That brings us to Nirvana as an entity – there’s very little indication whether Nirvana would endure. The opposite is true also, there’s no indication that Nirvana was definitely over. Everything happened too fast in 1994 for any final conclusion to be drawn. In many ways ’94 was a repeat of ’92 with tour cancellations, overdoses, Cobain vanishing from the public eye, future plans in the calendar but no certainty, casual studio visits but no big intentions. With that in mind it’s impossible to say whether, with Cobain’s survival, there may have been a new Nirvana album in 1995, 1996, 1997 – or whether Nirvana were done and the era of Foo Fighters was about to begin.
In terms of Cobain’s album-ready material, by his own admission the cupboard was threadbare. Most finished studio works had been released or long abandoned. That doesn’t mean there might not have been some revivals – half of In Utero was filled with songs from before Nevermind – but there’s no indication of him feeling much affection or use for songs like ‘Old Age’ (given away), ‘Sappy’ (already released in ’93), ‘Clean Up Before She Comes’ (abandoned in the late Eighties and never attempted in studio.) His new material in ’93-’94, true songs as opposed to jams like ‘The Other Improv’, consisted of two tracks; ‘Do Re Mi’ and ‘You Know You’re Right’. It doesn’t mean he was done, Cobain was fully capable of writing songs at speed – but he would have been starting almost from scratch. Attempts to fill imaginary tracklistings with old leftovers are fun but fly in the face of the care and attention Cobain paid to the music he put out – who knows?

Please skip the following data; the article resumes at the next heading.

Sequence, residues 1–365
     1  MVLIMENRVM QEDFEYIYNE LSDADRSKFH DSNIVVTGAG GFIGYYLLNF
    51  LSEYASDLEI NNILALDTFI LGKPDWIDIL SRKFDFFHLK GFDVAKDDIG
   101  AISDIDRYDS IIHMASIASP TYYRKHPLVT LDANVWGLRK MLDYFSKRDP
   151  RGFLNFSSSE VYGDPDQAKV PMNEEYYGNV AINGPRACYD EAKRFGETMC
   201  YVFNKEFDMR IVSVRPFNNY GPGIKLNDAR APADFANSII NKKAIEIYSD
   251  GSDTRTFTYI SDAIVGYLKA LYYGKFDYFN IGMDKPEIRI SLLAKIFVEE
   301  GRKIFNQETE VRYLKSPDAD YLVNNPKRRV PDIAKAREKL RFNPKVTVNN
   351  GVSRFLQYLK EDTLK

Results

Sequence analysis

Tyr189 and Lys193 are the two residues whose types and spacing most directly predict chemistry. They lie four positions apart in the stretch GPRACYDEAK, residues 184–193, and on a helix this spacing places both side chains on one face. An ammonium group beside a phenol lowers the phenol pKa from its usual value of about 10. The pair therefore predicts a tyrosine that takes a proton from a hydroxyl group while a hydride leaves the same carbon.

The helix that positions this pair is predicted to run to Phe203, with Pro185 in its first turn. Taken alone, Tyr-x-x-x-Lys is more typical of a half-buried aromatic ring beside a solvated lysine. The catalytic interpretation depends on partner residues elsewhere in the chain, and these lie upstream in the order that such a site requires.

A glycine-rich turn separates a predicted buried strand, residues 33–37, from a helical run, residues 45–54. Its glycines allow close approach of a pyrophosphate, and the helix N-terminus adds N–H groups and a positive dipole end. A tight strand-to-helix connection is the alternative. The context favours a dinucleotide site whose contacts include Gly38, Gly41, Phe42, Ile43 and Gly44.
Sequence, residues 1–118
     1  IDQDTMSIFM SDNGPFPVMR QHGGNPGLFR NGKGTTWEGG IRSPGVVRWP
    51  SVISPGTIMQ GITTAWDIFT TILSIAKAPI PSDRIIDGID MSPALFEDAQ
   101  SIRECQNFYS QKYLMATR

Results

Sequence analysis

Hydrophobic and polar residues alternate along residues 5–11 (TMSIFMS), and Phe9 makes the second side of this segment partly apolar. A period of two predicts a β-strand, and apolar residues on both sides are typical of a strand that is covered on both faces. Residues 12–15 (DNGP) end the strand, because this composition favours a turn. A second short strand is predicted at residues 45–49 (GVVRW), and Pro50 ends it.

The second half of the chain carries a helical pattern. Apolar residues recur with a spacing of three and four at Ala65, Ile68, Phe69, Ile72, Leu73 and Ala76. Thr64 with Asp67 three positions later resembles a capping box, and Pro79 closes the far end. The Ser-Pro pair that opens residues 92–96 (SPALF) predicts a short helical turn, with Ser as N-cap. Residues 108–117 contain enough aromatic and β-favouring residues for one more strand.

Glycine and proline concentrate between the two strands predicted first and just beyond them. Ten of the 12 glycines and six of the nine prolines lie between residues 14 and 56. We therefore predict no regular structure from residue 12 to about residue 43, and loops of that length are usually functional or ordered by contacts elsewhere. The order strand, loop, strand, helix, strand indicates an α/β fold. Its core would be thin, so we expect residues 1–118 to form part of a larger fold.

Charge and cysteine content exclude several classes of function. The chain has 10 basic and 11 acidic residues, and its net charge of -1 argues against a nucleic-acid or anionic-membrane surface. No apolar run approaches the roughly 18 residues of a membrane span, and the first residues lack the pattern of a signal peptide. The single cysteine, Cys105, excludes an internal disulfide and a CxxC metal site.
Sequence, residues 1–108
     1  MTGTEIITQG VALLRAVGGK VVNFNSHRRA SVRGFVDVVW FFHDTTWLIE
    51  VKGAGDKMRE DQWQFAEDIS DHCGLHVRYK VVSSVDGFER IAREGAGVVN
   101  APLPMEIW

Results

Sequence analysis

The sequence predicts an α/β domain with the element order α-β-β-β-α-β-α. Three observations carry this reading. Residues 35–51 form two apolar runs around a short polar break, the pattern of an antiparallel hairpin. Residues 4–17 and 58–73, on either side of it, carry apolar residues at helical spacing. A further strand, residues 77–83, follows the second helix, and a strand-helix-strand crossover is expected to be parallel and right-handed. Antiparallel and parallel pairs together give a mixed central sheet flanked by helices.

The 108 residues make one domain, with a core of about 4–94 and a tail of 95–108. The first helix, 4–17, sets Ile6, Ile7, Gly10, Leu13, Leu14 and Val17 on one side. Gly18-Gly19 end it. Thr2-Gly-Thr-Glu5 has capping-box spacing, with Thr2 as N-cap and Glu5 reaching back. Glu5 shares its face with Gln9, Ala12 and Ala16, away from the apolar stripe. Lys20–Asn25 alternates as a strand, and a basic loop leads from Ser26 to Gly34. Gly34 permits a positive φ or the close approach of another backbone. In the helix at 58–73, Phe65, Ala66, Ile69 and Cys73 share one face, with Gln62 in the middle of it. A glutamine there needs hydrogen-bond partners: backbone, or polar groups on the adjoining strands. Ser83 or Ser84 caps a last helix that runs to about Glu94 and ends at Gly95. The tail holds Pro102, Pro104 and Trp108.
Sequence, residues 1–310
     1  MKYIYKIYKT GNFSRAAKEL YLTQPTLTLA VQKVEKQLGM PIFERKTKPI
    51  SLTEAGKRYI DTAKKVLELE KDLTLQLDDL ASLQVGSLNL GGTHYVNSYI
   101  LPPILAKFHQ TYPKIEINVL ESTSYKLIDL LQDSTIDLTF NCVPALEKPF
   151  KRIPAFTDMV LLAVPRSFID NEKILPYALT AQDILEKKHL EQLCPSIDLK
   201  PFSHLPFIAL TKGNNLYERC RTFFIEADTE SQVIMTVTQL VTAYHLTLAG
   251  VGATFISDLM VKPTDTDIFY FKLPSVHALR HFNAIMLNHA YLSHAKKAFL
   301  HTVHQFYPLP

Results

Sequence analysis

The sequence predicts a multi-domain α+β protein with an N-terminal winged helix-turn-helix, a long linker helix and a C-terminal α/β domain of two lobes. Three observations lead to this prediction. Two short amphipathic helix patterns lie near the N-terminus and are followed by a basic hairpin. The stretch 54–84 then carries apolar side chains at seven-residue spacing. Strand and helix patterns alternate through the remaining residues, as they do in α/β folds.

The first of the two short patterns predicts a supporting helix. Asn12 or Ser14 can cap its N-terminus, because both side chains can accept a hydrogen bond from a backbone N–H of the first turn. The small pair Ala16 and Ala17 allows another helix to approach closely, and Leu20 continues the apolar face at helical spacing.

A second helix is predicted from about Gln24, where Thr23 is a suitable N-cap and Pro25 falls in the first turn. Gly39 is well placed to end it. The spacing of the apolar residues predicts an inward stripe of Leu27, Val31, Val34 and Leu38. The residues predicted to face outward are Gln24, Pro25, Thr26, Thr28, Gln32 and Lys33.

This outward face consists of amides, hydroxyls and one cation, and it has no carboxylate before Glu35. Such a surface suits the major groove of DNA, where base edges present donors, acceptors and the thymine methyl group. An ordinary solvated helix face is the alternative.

As for direction; it’s a mystery. Acoustic? Vague statements and a home demo of ‘Do Re Mi’ provide little support for that idea. The opportunity to work with members of R.E.M. also doesn’t suggest an acoustic route given R.E.M. were busy working on ‘Monster’ – one of their most amped-up records (heck, it even had room for Thurston Moore to bust electric on it.) Electric? Well, ‘You Know You’re Right’ was Nirvana-by-numbers (though cool!), messing around with new effects boxes earlier in ’93, all the jams and noisy tracks created in late ’92/early ’93 – it could all suggest Cobain’s sound heading back toward the heavier sounds of pre-pop Nirvana…Or it could be nothing. Preparation for a new album was already well behind:
And that’s the reality of it all. A 48 year old Kurt Cobain would not be the zeitgeist owning figure of the mainstream that he was briefly in ’92-’93. That ground, in 2015, would still be owned by Kayne West, Young Thug, Nikki Minaj and others. The likelihood is the path of Nirvana would have followed that of all the other multi-million sellers of the early Nineties – there’s no reason for Nirvana to be the one band immune to the shifts in music culture and commerce. That doesn’t mean that a fully functioning Cobain wouldn’t have continued as an effective underground force…
…And that’s where the fun is. Anyone can choose whether they feel Cobain in 2000, 2000, 2015, would have been a strung-out yet occasionally great Johnny Thunders figure; or an eternally productive and collaborative Thurston Moore; or a forgotten death in a squalid room like Layne Staley; or just a respected circuit player like Mark Arm or Eddie Vedder.